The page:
Bus drivers employed by Go North West have been on indefinite strike in Manchester since 28 February in response to the company’s attempts to force them to agree to new contracts of employment which would mean longer hours and less pay. And the strike has been solid.
The company is seeking to tear up current sick pay arrangements – in the middle of the pandemic.
Manchester TUC organised a well attended on line rally in support on 13 March, while rail workers in RMT have visited the picket line at the Queens Road depot and organised a collection for the strikers.
Go North West is trying to undermine the strike by outsourcing services to unorganised small bus and coach operators with old vehicles that do not meet accessibility standards. There have been reports of the unsuitable vehicles being driven unsafely, and carrying too many passengers to be Covid safe.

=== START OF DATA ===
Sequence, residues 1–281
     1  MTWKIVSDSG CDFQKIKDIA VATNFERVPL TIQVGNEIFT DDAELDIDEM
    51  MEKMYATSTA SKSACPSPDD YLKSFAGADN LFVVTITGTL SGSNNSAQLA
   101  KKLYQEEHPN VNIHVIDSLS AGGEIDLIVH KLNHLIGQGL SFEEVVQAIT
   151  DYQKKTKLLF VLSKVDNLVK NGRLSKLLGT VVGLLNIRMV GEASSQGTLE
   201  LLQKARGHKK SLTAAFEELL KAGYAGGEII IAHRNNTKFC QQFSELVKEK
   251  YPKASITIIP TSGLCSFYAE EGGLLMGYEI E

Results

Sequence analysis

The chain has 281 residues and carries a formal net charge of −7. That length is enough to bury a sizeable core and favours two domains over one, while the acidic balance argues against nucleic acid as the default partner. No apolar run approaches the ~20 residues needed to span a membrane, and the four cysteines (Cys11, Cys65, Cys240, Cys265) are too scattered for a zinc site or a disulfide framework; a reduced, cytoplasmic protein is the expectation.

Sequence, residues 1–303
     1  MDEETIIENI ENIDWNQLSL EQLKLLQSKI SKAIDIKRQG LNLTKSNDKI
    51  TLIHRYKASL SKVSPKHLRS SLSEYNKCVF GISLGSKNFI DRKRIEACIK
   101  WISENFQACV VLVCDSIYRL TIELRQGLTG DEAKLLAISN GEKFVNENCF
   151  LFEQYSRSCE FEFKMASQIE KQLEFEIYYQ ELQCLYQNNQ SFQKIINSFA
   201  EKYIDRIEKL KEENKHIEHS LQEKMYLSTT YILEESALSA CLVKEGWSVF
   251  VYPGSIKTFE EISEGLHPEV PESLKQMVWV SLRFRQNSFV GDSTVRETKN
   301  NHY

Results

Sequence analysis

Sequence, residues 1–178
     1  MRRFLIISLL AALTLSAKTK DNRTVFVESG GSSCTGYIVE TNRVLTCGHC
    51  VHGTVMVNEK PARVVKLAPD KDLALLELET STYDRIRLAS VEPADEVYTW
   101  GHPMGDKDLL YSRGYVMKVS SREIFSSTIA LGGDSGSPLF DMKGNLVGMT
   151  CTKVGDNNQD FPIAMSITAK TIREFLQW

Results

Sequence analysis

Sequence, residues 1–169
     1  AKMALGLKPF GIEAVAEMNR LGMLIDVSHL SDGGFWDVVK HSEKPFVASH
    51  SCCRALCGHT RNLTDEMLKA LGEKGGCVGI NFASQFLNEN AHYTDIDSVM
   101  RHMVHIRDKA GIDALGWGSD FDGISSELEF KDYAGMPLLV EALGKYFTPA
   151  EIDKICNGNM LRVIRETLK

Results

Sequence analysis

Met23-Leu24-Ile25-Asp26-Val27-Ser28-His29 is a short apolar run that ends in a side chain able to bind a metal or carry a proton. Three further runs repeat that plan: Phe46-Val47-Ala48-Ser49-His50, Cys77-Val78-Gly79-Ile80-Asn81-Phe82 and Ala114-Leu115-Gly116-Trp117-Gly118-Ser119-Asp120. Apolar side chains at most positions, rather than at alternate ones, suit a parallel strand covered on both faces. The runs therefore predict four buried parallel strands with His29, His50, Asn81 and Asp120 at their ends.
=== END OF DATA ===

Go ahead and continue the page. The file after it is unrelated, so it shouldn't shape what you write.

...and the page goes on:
Unite Branch Secretary Pat Gleave told the Manchester TUC on-line rally: “They [Go North West] are not interested in negotiating”.
Meanwhile, three separate disputes over pay and conditions with London bus operator RATP have resulted in strikes across the capital.
With schools in England back last week and with the economy slowly beginning to open up following the lockdown, the strikes will cause increasing disruption for London’s commuters.
Negotiations with Unite broke down when it became clear that RATP was not prepared to change its position.
Unite regional officer Michelle Braveboy said: “RATP is using the Covid pandemic as cover for attacking drivers’ pay and conditions. It is expecting drivers to do the same work for lower pay.”
Further strikes in all three RATP subsidiaries are scheduled for successive Wednesdays on 17, 24 and 31 March.